I think I made it through the valley of the shadow of death, because that's what it felt like. I crawled out the other side broken, with pain down my back and in my chest every time I took a deep breath. I guess that can happen with the depth of my grief and the fact that I pretty much cried every day for 36 days. My hubby kept trying to tell me to stop grieving because I was making myself sick. More than once he wanted to take me to the ER. If I thought I had heart attack symptoms I surly would have gone. At first I thought, "Who cares, at least if I died I could see her again." And then I realized that was too permanent and not a good solution, so then I worried that I actually would die of a broken heart, like Debbie Reynolds when Carrie Fisher died.
Reading some comprehensive articles about grief helped me come to terms with it. Understanding that my scary thoughts were pretty normal helped. Knowing that I wasn't actually going to physically do something dangerous helped me to realize that I was just going through a horrible process. It also helped me to understand that my grief is a process that is dynamic and changing, and as long as it was changing then I am doing OK, because eventually the change will be to the better, and if not, if I get stuck, then I know to get help.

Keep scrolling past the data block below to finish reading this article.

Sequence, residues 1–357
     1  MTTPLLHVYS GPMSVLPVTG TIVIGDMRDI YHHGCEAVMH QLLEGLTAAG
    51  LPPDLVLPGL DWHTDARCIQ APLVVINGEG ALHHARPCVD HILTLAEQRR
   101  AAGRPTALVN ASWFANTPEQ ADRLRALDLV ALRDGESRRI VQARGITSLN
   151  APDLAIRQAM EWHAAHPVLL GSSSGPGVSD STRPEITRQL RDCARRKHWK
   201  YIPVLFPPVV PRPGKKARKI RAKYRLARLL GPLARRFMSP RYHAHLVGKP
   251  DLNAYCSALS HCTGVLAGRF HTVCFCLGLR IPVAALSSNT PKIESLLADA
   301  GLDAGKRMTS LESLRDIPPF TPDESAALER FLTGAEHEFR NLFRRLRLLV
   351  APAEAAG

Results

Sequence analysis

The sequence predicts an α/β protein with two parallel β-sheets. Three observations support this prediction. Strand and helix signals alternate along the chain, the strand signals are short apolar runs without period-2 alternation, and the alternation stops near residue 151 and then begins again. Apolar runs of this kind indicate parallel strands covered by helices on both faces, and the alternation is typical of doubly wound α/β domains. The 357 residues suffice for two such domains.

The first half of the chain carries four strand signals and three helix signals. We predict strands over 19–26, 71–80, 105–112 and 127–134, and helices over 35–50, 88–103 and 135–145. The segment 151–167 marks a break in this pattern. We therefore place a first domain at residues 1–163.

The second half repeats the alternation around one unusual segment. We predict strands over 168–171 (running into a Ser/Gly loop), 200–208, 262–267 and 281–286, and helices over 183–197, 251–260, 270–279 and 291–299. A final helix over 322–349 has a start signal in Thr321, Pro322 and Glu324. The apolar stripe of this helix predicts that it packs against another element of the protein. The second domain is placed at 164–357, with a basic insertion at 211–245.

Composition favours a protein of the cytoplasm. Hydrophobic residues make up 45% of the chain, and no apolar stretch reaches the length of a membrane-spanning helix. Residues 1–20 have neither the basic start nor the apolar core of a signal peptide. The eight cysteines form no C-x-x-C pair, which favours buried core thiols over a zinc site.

I see my doctor tomorrow. My chest is still a bit congested. I want her to check me out.
Going back to Harrington Beach was a turning point. It was the last nature walk with my daughter, on May 5, 2017, 26 days before she died. Hubby and I decided to go last Saturday. It was sunny and pleasant. Hubby was about halfway there when he noticed tears rolling down my face. He almost turned around to go home. I told him "No, let me work through this, I will be OK by the time we get there." He had doubts, but I was OK and we enjoyed our walk.
Yesterday I was able to look at my daughter's former apartment and I was OK. I was able to talk about her without tears.
The new friends I found at the showing didn't pan out. We are friends on Facebook, and we say "Hi" at Walmart, but that's about it. I understand. I'm not my daughter. I couldn't replace her in their lives. They can't replace her in mine, nor did I expect them to. It would have been nice to have some friends, but right now grief is in the way. People just want to get on with their lives, they don't want reminders. I have Facebook friends. I have my husband. I have my daughter in Indiana and her hubby and his two kids. They are most precious to me, and I am making a concerted effort to look forward.